More Americans are now in the hospital with Covid-19 than at any other point since late August, causing some states to nearly run out of hospital beds, as coronavirus infections continue to increase nationwide ahead of a potential end-of-year surge.
Some 37,048 coronavirus patients were hospitalized as of Wednesday, the highest level in almost two months according to new data from the COVID Tracking Project, though total hospitalizations are still below their mid-April peak of almost 60,000.
Among hospitalized patients, 7,156 were in ICUs and 1,776 are currently on ventilators — both of those numbers have increased slightly in recent weeks.
Texas leads the nation with more than 4,000 patients in hospitals, followed by California and Florida, though all three states’ hospital counts declined since the summer.
Hospitalizations and new cases soared in Wisconsin over the last month, and officials opened an emergency field hospital near Milwaukee this week as medical centers across the state fear they will run out of space.
Hospital numbers are also on the rise across other parts of the Midwest and South: Missouri reported a new record this week, and levels in Kentucky and Ohio are both within striking distance of their summertime peaks.
217,933. That’s the total number of Americans who have died from Covid-19, according to figures from Johns Hopkins University. Daily fatalities are still below their peak in April, but they remain steady at more than 700 per day.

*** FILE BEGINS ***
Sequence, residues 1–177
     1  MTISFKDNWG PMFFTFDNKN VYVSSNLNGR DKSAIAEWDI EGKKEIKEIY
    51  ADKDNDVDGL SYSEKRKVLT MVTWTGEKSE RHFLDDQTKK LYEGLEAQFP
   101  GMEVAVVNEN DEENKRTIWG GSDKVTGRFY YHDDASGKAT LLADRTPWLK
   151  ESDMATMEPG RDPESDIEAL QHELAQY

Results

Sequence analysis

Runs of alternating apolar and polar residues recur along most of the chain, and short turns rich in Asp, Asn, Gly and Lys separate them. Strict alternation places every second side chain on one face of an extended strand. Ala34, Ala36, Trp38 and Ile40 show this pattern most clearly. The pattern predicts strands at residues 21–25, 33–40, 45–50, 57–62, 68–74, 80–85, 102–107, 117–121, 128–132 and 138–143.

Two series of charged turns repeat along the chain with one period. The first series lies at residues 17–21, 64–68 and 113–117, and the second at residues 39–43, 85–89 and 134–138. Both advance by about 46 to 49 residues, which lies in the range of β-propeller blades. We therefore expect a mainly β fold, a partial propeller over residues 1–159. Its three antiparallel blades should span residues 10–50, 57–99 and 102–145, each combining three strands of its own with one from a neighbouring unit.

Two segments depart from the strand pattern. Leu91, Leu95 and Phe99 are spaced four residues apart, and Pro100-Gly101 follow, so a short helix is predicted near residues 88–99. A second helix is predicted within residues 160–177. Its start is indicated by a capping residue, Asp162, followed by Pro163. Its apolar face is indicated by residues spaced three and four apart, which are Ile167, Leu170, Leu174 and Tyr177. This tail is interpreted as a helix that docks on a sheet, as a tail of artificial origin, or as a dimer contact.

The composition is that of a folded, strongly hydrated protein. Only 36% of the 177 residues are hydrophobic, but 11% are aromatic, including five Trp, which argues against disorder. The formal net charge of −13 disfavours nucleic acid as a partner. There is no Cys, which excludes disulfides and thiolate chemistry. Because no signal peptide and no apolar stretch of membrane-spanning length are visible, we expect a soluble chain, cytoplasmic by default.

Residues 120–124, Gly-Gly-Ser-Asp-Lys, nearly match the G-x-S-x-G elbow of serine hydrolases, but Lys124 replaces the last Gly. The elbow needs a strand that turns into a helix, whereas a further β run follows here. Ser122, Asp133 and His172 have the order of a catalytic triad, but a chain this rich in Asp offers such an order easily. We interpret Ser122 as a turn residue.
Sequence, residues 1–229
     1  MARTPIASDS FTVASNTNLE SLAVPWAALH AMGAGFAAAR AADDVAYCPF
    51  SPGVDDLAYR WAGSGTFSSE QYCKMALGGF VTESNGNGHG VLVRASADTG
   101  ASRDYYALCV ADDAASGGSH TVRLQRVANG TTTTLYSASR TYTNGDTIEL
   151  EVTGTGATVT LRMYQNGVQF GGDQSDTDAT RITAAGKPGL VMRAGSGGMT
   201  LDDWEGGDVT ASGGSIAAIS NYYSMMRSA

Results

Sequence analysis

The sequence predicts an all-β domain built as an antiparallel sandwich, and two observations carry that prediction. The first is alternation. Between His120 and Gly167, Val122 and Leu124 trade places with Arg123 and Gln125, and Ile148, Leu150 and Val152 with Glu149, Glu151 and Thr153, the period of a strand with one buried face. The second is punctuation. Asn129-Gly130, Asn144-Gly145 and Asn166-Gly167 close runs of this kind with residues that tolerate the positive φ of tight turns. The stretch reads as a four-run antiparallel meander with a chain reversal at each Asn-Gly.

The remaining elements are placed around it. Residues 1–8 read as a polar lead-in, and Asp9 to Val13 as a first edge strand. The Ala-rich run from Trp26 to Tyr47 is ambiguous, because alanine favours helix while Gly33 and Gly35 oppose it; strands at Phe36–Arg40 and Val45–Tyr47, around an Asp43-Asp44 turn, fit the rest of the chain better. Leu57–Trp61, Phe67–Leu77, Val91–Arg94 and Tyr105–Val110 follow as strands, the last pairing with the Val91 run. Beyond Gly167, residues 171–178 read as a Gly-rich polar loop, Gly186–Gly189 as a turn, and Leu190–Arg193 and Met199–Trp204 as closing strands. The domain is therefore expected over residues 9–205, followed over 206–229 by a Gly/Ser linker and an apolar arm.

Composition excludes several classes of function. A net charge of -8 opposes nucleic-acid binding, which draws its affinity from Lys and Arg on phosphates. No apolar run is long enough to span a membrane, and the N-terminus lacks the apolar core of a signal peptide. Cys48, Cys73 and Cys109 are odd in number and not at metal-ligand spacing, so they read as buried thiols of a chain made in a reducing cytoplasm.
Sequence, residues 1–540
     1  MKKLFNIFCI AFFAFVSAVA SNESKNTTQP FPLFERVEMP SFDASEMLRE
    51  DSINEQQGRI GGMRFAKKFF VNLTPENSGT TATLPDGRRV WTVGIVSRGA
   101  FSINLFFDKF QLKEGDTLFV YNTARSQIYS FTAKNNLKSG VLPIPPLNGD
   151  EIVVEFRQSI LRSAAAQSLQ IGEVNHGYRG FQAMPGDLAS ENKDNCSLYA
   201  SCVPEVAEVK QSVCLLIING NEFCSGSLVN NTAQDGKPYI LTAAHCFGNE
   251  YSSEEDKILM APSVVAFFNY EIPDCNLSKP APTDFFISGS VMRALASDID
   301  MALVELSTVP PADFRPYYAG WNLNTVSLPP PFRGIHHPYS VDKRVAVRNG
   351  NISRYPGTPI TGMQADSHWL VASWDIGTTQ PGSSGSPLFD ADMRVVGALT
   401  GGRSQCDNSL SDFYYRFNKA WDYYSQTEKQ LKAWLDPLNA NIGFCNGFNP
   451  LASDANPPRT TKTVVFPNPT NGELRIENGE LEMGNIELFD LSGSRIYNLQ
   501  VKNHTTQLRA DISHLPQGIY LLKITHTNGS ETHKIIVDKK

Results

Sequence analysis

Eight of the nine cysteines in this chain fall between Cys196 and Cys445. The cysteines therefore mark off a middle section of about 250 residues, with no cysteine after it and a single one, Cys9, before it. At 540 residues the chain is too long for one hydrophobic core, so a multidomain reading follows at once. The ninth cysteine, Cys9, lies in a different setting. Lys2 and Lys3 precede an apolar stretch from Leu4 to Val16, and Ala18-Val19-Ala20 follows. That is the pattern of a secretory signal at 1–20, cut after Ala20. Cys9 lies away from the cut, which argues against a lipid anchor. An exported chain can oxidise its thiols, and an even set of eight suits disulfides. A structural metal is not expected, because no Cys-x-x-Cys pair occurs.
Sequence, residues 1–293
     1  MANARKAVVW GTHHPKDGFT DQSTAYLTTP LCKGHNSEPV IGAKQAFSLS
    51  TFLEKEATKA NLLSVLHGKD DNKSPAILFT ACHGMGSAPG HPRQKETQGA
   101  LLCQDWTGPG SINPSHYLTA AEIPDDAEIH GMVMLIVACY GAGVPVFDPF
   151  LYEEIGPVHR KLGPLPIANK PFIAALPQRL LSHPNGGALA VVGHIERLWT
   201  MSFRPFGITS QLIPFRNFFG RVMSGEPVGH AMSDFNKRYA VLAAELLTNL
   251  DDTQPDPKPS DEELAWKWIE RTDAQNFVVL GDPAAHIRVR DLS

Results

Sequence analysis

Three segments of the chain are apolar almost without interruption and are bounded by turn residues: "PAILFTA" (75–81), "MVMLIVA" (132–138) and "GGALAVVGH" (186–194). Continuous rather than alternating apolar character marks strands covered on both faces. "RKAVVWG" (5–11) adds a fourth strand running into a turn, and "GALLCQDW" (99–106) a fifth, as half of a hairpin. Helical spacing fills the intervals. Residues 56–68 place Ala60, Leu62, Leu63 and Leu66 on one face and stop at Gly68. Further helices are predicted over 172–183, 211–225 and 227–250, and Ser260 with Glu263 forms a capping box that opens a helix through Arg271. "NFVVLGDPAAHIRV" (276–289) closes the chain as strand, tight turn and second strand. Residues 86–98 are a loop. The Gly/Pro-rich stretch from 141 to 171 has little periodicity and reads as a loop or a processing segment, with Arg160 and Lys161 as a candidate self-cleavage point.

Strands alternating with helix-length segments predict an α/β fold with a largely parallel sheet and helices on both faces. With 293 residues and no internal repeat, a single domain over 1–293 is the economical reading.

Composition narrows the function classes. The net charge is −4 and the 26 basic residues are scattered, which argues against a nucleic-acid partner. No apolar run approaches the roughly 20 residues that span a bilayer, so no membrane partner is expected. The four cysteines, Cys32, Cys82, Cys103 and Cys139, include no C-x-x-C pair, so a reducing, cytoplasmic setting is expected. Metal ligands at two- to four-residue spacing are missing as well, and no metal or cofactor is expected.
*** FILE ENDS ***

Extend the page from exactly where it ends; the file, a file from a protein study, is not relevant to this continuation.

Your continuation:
When the coronavirus first surged in the New York City area, some hospitals nearly buckled under the pressure, contending with thousands of sick patients and inadequate protective equipment. Covid-19 cases gradually decreased nationwide but never fully subsided. The West Coast and Deep South dealt with cascading upticks after states loosened coronavirus restrictions during the summer, and the Midwest and small states like South Dakota are now struggling to open up more hospital capacity as new infections surge. Some experts warn cases could spike yet again over the fall and winter, straining the nation’s medical system and making it tough to get sick patients the medical attention they need.
“When we see an overwhelming number of patients get infected, a lot of them are going to need hospitalization and support,” Dara Kass, a New York-based emergency room physician, told CBS News on Thursday. “We’re seeing hospitals in Wisconsin be overwhelmed with no ICU beds … This is a big concern of those of us who are looking to prevent as many deaths as possible.”